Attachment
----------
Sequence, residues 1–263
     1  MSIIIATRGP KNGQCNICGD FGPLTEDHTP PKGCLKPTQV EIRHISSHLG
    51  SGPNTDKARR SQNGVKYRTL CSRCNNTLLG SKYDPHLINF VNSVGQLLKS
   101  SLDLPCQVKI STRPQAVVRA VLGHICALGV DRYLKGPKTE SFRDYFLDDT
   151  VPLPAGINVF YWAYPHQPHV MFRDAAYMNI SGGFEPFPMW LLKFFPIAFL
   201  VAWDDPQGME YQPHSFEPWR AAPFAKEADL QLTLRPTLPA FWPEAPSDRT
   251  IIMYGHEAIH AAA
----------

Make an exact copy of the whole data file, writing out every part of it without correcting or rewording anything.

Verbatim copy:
Sequence, residues 1–263
     1  MSIIIATRGP KNGQCNICGD FGPLTEDHTP PKGCLKPTQV EIRHISSHLG
    51  SGPNTDKARR SQNGVKYRTL CSRCNNTLLG SKYDPHLINF VNSVGQLLKS
   101  SLDLPCQVKI STRPQAVVRA VLGHICALGV DRYLKGPKTE SFRDYFLDDT
   151  VPLPAGINVF YWAYPHQPHV MFRDAAYMNI SGGFEPFPMW LLKFFPIAFL
   201  VAWDDPQGME YQPHSFEPWR AAPFAKEADL QLTLRPTLPA FWPEAPSDRT
   251  IIMYGHEAIH AAA